Review: ‘Wonder Woman: 1984’ Feels Small but Entertains

Share on facebook
Share on twitter

This year has been anything but normal. So many of the most anticipated films of 2020 were either pushed into 2021 or have gone the route of PVOD. Warner Bro’s signed a deal for 2021 which will have all of their films, including those pushed from 2020 available on HBO Max the same day as they arrive in theatres. While the theatre chains are angry about this, it was about time someone stepped in and had a forward-looking plan for the future of film. I am not saying going to the theatre is dead. The experience needs to evolve and right now many places don’t even have open theatres for you to go to.

So fast-forward to Wonder Woman: 1984 which comes out this friday. After getting pushed from its original date, the announcement of being the first to be featured in the new HBO Max deal has people excited that they can have something new to watch either at home or in a theatre (if that’s an option). So what is the setting for the new film? Diana Prince lives quietly among mortals in the vibrant, sleek 1980s — an era of excess driven by the pursuit of having it all. Though she’s come into her full powers, she maintains a low profile by curating ancient artifacts, and only performing heroic acts incognito. But soon, Diana will have to muster all of her strength, wisdom and courage as she finds herself squaring off against Maxwell Lord and the Cheetah, a villainess who possesses superhuman strength and agility.

Review

Suspending belief is just part of watching any super hero film because most of what you see in there is just beyond anything you should be compared to real life. But when one of the premises of the story, or its title is completely missed, it stands out as a distraction for the story you are trying to immerse yourself in. For a film whose title includes the year 1984, you will be disappointed if you were expecting to find yourself immersed in 80’s culture, music or fashion. But that should be a minor gripe, right?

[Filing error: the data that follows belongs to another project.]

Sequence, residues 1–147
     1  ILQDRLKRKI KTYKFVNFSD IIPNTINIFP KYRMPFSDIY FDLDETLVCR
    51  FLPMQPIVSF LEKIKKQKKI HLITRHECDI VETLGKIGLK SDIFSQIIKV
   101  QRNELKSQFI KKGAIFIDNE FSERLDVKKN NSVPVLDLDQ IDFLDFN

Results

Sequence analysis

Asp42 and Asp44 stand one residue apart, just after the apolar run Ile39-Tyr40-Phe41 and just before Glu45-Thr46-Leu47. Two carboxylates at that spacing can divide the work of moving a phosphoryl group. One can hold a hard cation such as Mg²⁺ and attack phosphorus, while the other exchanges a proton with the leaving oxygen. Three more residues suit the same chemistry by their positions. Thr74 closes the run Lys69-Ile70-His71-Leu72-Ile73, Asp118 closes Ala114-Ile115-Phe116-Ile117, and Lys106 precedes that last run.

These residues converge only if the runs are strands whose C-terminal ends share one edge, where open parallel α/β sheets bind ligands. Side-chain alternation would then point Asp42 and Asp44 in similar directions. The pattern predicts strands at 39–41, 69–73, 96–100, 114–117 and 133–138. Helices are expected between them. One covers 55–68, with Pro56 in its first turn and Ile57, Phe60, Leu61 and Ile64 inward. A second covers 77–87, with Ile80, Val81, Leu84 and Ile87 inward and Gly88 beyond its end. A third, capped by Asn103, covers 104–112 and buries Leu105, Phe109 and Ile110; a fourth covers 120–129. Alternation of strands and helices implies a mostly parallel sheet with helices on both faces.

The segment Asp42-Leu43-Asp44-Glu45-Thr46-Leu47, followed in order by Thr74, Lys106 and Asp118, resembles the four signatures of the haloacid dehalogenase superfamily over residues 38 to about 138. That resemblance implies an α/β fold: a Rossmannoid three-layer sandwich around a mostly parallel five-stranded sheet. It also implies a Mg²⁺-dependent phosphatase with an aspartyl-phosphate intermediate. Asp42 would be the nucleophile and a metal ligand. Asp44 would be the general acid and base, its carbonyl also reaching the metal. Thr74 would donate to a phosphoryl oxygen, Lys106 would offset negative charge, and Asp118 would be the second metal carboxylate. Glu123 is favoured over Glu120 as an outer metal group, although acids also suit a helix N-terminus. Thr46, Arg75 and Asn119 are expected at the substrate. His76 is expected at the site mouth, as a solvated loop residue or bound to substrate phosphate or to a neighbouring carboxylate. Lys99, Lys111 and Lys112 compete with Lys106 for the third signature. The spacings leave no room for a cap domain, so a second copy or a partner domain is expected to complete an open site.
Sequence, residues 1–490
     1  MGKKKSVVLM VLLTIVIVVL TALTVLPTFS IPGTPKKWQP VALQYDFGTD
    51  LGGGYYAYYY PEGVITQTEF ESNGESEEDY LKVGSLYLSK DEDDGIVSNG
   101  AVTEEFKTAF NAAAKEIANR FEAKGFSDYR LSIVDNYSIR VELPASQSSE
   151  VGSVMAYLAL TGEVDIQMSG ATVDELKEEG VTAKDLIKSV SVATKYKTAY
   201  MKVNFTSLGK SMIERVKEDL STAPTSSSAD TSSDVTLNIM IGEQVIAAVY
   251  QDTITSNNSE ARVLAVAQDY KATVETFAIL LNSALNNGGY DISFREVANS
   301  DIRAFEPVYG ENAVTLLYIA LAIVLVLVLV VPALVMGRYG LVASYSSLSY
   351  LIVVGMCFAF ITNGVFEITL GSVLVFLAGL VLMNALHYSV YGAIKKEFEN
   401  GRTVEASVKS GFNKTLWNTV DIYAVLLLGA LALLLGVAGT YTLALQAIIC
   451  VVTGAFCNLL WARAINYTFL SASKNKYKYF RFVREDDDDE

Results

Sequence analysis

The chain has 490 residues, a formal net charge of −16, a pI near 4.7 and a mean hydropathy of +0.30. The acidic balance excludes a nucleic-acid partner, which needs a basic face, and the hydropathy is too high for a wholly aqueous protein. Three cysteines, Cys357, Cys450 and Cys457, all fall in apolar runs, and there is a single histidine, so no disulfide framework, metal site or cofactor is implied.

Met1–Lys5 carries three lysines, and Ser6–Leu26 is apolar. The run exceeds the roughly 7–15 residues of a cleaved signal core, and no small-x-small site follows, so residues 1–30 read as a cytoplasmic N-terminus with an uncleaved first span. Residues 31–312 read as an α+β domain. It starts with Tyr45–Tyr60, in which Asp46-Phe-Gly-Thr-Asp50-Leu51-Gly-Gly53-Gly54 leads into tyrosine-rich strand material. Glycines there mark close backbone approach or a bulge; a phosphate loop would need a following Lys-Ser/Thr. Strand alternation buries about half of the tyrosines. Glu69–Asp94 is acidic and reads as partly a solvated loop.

The formula for the film is not anything groundbreaking or new. And rarely do sequels end up better than the original. Perhaps we set ourselves up for failure with too high of expectations going in but that’s the barrier the directors and writers have to bear. Wonder Woman suffers from a story that just feels small in the grand scheme of things. Unlike some of the other films in the DC universe, or even Marvel, this film makes no real attempt to place itself within the broader world. Instead, it feels like a side quest of self-discovery.

This isolated story does have some benefits to give credit to the film though. The isolated story allowed them to focus on character growth for Diana without getting tied into making sure all the connections to the other stories were correct and didn’t conflict with the established canon. That many times can act as a distraction to good stories. I am a sucker for worldbuilding and backstory, so the additional look into Diana’s childhood was a welcome trip down memory lane. But outside of Diana, we don’t really care about Max Lord or the Cheetah outside of them being defeated. We are missing the grand villain or a real to feel for their situation.

The last sticking point for me in this film was the plot holes. It is a commonly used, but usually sparingly, practice to avoid burning minutes on the screen showing off unimportant or mundane tasks in order to push the story along by making them happen off-screen. But if done at the wrong moment or too often you end up feeling like important things are missing. Take a moment in the film where Steve (Pine) hops into the plane and within 30 seconds is able to fly it. Remember the last we saw him pilot anything was 1918. How he manages to figure out how to fly a modern aircraft in 1984 within seconds becomes a glaring issue that distracts the rest of the film. Another point in the film involves armor but we won’t spoil anything there.

Overall it’s a decent and entertaining superhero film that any fan of Wonder Woman will enjoy. Don’t expect any grand after-credit scene that will tie it into the larger DC Universe (though don’t skip what’s there, esp if you grew up on Wonder Woman). But let’s face it the most 80s thing about this film was the trailer soundtrack. The film released in theatres and HBO Max streaming this Friday.

Robert Prentice